Who is this Mark fellow, and why does he have so much equipment? 

There are two branches on the Mark family tree at Stanford University. Mark is the name that has been given to several generations of both accelerators and detectors created and used at HEPL and here at SLAC.  The accelerators were all built on campus at HEPL, and were progenitors of the two-mile accelerator that was built at SLAC. The detectors have all (so far) been built at SLAC. 

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Mark I          1947              Electrons first successfully accelerated 

                                               using a wave-guide accelerator

Mark II        1949                First successful operation

Mark III      1949                Construction begins

                       1950                First successful operation

                       1963-64        Disassembled and re-built with new 

                                                accelerator sections

Mark IV      1954                Support received from AEC to build 

                                                as a test-bed for the two-mile accelerator

                      1964                Dismantled


For more detail on Mark and other Stanford accelerators, see the "Linear Accelerators Constructed at Stanford," table from Mary Clarke's inventory of Edward Ginzton's papers held by the Stanford University Archives.


Hansen with grad students and Mark I accelerator
First 3-foot section of MARK I electron linear accelerator at Stanford University (campus) being held on the shoulders of William Hansen and three of his students, 
Stan Kaisel, Clare Carlson and Bill Kennedy, 1947.  (Stanford University)
Karl Brown at Mark II controls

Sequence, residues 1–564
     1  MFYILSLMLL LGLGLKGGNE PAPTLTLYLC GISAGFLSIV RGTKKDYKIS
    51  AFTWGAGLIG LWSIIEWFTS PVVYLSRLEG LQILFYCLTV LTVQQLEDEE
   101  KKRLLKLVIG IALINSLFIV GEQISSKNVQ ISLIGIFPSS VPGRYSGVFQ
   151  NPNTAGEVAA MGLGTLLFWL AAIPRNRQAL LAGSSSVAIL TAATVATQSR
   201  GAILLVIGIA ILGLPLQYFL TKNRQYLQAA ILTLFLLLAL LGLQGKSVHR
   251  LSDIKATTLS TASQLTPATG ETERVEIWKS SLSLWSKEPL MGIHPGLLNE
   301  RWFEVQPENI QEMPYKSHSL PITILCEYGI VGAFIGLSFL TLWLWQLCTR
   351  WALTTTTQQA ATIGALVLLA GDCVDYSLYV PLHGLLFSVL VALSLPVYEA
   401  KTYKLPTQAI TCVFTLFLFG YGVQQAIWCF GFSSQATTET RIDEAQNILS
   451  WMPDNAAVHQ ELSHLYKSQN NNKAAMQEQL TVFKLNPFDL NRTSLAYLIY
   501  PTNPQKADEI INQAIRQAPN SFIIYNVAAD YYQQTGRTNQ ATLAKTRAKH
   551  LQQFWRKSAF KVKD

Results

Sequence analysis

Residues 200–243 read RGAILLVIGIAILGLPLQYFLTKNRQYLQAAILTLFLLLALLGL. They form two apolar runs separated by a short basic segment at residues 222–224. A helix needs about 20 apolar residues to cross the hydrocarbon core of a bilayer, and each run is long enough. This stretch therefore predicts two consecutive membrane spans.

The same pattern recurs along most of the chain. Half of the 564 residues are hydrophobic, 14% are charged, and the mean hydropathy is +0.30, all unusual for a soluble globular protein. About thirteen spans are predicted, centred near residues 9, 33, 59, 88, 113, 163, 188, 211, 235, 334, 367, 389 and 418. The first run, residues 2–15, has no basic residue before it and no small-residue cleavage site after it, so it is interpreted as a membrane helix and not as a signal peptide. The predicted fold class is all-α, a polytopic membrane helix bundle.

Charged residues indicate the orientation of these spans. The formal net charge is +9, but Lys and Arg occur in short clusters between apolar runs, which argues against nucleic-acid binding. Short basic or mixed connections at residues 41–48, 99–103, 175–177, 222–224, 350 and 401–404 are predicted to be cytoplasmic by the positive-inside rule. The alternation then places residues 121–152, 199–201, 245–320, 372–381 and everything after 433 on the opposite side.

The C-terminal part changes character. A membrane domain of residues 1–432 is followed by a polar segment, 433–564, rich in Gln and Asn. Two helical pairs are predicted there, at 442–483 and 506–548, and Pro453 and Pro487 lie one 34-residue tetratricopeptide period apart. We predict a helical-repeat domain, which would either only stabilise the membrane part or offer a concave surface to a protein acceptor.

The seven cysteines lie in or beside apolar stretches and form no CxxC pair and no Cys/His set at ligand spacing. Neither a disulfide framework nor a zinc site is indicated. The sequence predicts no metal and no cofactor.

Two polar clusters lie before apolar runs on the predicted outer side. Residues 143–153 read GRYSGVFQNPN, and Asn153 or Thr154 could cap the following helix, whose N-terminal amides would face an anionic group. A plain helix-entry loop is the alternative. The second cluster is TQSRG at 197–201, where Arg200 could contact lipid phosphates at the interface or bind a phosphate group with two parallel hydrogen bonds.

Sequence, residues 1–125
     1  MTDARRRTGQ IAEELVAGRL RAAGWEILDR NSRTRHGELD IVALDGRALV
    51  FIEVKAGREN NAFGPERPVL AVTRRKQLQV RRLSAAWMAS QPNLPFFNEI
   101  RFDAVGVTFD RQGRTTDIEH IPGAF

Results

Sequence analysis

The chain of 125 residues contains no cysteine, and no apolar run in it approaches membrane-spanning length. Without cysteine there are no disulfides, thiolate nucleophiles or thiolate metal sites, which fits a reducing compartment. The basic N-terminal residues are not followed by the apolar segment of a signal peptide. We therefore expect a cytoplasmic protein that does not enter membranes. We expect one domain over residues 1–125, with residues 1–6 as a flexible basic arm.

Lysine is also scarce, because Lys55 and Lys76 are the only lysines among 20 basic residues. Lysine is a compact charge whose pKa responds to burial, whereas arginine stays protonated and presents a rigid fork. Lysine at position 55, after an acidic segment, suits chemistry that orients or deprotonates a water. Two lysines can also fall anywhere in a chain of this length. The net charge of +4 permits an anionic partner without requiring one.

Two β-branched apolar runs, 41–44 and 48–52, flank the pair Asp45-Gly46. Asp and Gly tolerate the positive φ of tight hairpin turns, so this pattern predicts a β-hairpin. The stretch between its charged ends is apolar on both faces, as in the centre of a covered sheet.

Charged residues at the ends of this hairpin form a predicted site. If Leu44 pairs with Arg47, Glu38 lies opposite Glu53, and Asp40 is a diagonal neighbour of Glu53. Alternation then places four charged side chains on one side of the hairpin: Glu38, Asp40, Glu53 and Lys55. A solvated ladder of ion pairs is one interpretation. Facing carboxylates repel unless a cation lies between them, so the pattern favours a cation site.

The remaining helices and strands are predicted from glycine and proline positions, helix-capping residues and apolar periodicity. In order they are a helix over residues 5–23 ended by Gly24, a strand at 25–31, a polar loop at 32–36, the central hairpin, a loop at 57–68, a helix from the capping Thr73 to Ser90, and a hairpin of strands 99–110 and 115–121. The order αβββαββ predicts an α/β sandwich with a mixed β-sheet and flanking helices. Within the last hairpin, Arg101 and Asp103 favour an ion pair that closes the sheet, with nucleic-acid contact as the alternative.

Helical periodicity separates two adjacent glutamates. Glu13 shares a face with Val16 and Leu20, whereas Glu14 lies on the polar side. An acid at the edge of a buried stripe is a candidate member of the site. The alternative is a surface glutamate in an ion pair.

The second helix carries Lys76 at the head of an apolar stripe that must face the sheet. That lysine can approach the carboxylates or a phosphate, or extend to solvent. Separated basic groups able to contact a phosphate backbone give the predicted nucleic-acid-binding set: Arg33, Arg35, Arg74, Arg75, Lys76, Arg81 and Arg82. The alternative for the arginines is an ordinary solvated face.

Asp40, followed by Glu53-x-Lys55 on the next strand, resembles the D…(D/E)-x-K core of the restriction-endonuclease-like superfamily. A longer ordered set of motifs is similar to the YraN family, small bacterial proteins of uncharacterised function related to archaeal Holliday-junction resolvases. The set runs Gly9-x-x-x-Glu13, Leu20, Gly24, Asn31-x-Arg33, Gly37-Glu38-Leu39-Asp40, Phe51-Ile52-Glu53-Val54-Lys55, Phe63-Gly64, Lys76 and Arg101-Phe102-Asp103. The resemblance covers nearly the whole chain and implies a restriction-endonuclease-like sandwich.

Karl Brown at the klystron controls for the Mark II accelerator in 1949 or 1950. (Stanford University)
Mark II accelerator at Stanford
An undressed section of the Mark III accelerator at Stanford (shown without its concrete shielding blocks) (Stanford University)
Mark IV accelerator at Stanford
Mark IV accelerator: The Mark IV was designed as a vehicle for improving accelerator components, but was also used at times for beta-ray cancer therapy.  (Stanford University)


Mark I          1973                Installed at SPEAR

                        1977               Dismantled and removed from SPEAR

Mark II        1977                Installed at SPEAR

                       1979                Moved to PEP at beginning of PEP program

                       1982                 Selected to be first detector at SLC

                       1985                 Upgraded and returned to PEP for testing

                       1986                 Installed in Collider Hall (CEH)

                       1987                 Rolled onto SLC beamline

                       1990                 Moved off SLC beamline to east end of CEH

Mark III     1978                 Work begun on detector

                      1980                 Checkout of detector at SPEAR: 

                                                 SLAC-SP-031; (proposal)

                      1981                  Installed at SPEAR: SLAC-SP-032 experimental 

                                                 program initiated; (proposal)

                      1988                 Experimental program ends

                      1998                 Dismantling begun



Mark I detector at SPEAR
The Mark I Detector at SPEAR in 1978, with Roy Schwitters standing near its axis. This detector was used by the SLAC-LBL Collaboration to discover many new subatomic particles (LBNL)
Mark II detector at IR12
The Mark II detector at Interaction Region 12 (IR12) after the move from SPEAR to PEP (SLAC (Faust))
Mark III group photo with and on detector
The Mark III detector was the third, general-purpose detector for high-energy physics experiments at SPEAR. Staff shown with and on detector, with penguin, 07/22/1981. (SLAC)

More about Mark:

Gallery: Early Linacs (Symmetry; volume 02, issue 06; August 2005)

Search the inSPIRE HEP database by accelerator name, detector name or experiment number/name for related publications